What does food labelling have to do with animal protection, anyway? Meat, dairy and egg packaging often tries to present products as animal-friendly, using terms like “free range,” “cage-free,” “grass-fed” and “family farm.” These labels suggest to consumers that animals were raised in a certain way and may convince them to buy or even pay more for animal products with these labels.

If labelling laws are lax, there is no incentive for producers to improve conditions for animals, because they can mislead consumers instead of making actual changes. In addition, consumers who care about animals may be led to believe that so-called humane agriculture is kind for animals. The truth is that most consumers believe conditions for animals are much better than they actually are.

Now, the CFIA wants to make labelling regulations even weaker than they already are. It wants to make animal welfare and other so-called “consumer values” claims its lowest enforcement priority. Instead of proactively defining and standardizing claims about how farmed animals are treated, the CFIA thinks consumers should be forced to contact companies themselves to find out what their animal welfare claims mean.

But consumers have no way of verifying information provided by companies. Meanwhile, companies stand to benefit financially from misleading consumers.

Animal Justice participated in the CFIA’s labelling consultation. We told them that animal farming lacks transparency, that government must ensure consumers can make informed choices, that animal welfare claims must be regulated, and that regulation is the responsibility of government, not consumers or industry.

We also mobilized Canadians to take action, guiding you through the online feedback process.

It seems that our concerns have been heard: in its What We Heard report, the CFIA wrote:
“Many questioned how the model would achieve a consistent approach regarding the meaning of claims or criteria for making claims.”
“Some consumers and consumer associations thought they may not have the resources (e.g. time, influence, money, knowledge, education, access to information, etc.) to fulfill their role as part of this model. There were concerns that if this is the case, it could become “buyer beware” in the marketplace.”
“Stakeholders stressed the role of government in providing guidance on how to avoid misleading claims.”
“Effective enforcement was mentioned as critical to the success of the model and to avoiding consumer deception when CFIA intervention is needed.”

Unfortunately, however, the CFIA also noted that 84 percent of stakeholders were in favour of the proposed policy changes. Not surprisingly, support was greater among industry than consumers.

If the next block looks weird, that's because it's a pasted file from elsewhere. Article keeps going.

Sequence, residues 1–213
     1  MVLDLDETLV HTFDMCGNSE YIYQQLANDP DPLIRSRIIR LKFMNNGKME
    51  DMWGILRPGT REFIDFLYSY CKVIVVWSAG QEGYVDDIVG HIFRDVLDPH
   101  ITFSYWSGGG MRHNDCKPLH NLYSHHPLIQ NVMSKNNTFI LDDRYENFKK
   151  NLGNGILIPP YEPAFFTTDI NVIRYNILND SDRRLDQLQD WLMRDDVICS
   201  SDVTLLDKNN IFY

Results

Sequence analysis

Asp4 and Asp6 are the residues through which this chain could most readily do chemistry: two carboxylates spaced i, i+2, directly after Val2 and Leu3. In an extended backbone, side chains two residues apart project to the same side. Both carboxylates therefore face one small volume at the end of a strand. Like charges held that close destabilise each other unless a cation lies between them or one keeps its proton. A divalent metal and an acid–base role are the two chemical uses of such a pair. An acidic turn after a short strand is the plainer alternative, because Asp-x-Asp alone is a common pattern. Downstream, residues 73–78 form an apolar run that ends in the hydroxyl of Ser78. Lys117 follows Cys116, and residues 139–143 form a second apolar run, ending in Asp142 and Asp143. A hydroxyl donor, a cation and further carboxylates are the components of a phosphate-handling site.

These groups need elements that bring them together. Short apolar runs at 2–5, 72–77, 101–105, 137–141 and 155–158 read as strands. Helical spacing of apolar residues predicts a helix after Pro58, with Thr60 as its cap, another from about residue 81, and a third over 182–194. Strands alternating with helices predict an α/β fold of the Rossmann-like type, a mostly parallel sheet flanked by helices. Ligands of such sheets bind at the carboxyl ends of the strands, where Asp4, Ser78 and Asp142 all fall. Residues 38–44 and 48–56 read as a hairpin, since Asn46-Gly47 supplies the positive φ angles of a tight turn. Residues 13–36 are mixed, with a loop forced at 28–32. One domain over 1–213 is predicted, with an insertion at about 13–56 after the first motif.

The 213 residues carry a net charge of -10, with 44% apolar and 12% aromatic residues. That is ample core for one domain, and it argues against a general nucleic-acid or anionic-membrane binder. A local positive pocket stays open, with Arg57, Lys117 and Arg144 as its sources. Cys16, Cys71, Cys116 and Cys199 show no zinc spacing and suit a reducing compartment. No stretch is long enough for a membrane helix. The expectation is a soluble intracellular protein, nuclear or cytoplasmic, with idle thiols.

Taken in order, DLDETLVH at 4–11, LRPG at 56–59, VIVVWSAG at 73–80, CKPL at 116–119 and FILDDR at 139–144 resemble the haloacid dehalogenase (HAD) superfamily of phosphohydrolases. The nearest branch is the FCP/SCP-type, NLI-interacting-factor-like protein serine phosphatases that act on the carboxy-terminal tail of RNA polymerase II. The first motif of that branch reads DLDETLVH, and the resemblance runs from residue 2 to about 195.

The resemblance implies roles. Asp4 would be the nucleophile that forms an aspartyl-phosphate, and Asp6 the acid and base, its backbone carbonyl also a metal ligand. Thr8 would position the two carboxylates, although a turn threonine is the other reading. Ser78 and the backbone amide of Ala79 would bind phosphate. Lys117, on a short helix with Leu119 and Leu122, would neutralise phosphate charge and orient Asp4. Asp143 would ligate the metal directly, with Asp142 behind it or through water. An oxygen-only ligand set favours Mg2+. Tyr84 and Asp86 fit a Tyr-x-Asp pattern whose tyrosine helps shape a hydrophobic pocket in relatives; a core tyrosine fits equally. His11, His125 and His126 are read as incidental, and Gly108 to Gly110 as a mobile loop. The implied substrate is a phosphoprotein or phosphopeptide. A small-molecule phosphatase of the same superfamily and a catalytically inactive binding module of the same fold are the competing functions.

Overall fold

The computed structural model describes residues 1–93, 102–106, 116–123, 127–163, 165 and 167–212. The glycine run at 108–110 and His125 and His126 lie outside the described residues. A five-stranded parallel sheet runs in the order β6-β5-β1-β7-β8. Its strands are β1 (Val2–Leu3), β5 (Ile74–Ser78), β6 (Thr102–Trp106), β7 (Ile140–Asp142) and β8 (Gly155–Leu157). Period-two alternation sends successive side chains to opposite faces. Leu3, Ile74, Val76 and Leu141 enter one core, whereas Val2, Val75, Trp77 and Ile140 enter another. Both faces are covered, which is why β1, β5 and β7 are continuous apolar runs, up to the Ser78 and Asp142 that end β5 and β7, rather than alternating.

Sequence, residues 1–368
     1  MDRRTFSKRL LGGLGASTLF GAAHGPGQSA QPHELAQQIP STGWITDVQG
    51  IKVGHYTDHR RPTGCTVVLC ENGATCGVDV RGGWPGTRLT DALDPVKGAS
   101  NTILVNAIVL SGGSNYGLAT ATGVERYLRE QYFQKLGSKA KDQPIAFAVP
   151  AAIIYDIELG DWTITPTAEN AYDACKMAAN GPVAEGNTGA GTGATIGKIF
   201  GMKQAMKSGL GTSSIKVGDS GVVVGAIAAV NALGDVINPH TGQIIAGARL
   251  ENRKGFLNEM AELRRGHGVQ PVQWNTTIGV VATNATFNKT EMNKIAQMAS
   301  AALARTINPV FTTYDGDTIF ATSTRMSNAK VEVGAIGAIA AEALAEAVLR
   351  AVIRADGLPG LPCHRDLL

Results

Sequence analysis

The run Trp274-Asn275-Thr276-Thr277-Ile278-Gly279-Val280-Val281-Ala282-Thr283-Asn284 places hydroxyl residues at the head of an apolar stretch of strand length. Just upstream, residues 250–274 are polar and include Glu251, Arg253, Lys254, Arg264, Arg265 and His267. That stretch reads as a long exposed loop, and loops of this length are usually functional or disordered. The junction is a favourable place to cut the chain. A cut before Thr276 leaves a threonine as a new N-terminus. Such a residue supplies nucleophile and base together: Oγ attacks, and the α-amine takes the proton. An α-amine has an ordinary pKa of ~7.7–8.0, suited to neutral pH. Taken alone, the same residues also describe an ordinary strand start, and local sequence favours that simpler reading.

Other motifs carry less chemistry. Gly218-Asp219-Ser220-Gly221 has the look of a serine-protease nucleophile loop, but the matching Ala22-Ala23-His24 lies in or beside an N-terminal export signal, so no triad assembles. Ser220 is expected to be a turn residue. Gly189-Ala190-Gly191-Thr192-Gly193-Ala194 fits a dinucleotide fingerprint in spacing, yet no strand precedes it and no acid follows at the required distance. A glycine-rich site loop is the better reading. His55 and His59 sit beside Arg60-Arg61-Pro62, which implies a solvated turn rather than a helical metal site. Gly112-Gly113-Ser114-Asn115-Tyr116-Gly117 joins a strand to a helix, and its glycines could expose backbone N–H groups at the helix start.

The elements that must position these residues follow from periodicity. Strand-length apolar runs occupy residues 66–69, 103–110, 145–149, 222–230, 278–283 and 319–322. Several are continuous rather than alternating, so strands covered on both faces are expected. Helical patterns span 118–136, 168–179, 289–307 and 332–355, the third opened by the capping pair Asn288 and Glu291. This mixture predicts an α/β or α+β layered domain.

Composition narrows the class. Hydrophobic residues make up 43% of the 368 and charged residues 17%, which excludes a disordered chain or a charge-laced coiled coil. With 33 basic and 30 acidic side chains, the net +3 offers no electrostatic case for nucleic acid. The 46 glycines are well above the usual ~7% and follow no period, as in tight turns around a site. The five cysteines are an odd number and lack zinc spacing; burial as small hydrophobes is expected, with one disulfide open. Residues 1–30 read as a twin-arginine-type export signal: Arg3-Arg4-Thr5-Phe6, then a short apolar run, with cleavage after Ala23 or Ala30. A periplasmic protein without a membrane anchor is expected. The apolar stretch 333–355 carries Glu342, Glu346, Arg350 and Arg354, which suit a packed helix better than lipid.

What can you do?

The CFIA has correctly identified the concerns with loosening labelling regulations. Now, they need to act on them. Tell the CFIA to crack down on misleading labelling by signing our petition!

 

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Photo: Jo-Anne McArthur / Animal Equality

Animal Justice

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  • Sunny

    by on April 23, 2019 - 0 Comments

    Hi SCARS, Thought we’d give you a little update as we celebrate Sunny's first birthday! He’s a solid 65 lbs and the vet said he is in perfect health! He now goes to daycare once a week and they continuously comment on his unlimited energy. The daycare has helped him find his big boy

    The post Sunny appeared first on Second Chance Animal Rescue Society.

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  • Duke

    by on May 2, 2019 - 0 Comments

    Hi SCARS, Duke was adopted in December 2018 and has made a full recovery since having his leg amputated at 10 months old. He came to us a shy, sweet guy and has grown into to a loving, well-trained and well-mannered dog. He gets around so well on 3 legs that most people don’t

    The post Duke appeared first on Second Chance Animal Rescue Society.

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    by on May 6, 2019 - 0 Comments

    It's been a tough road for these tiny pups that came in with the Canine Parvovirus. Seven came into care, four of which came down with the virus and have since been treated and released. Sadly, one passed away. The smallest one only being 2 lbs. and largest at 4 lbs. They were full

    The post Rescued puppies fight Parvo appeared first on Second Chance Animal Rescue Society.

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  • SCARS has a vacant Board of Directors position

    by on April 19, 2019 - 0 Comments

    The Second Chance Animal Rescue Society (SCARS) Board of Directors has a vacant Director-at-Large position. If you are committed to the SCARS mandate, have board experience and/or extensive committee experience, can work collaboratively, attend monthly meetings and be responsible for tasks outside board meetings, SCARS would like to hear from you. Please include your

    The post SCARS has a vacant Board of Directors position appeared first on Second Chance Animal Rescue Society.

    Second Chance Animal Rescue Society

  • Wagathon brings record donation to SCARS!

    by on April 15, 2019 - 0 Comments

    THANK YOU WAGATHON!!!!! SCARS is humbled and somewhat in shock about the generosity we received from W.P. Wagner, Kate Chegwin, Svend Hansen, Weinlos, Minchau, and Pollard Meadows schools. Through the efforts of dedicated kids/young adults, and their sheer determination and physical strength, they raised a WHOPPING $119,800.00 for Second Chance Animal Rescue Society. It

    The post Wagathon brings record donation to SCARS! appeared first on Second Chance Animal Rescue Society.